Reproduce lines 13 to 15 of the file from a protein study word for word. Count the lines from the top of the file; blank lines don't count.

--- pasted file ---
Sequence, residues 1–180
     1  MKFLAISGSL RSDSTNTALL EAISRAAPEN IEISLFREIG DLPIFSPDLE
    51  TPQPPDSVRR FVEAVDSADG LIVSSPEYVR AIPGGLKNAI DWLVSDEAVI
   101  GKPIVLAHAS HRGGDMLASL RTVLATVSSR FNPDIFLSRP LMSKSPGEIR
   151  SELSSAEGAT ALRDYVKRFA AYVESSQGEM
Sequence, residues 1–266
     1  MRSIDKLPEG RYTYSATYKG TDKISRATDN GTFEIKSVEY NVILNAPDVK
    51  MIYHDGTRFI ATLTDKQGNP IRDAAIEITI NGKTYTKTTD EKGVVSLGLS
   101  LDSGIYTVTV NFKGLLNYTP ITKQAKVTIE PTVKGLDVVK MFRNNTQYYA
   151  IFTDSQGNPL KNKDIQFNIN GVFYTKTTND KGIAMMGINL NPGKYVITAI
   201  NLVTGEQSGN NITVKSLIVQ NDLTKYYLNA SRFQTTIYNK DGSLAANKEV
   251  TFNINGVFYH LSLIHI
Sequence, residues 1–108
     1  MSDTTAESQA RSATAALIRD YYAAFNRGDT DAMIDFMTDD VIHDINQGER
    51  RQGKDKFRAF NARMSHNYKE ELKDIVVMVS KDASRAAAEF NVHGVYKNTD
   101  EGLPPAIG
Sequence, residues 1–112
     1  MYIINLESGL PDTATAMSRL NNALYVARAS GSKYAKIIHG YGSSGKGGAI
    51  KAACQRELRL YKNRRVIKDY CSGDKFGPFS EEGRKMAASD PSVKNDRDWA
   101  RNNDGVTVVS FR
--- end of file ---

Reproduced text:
Sequence, residues 1–108
     1  MSDTTAESQA RSATAALIRD YYAAFNRGDT DAMIDFMTDD VIHDINQGER
    51  RQGKDKFRAF NARMSHNYKE ELKDIVVMVS KDASRAAAEF NVHGVYKNTD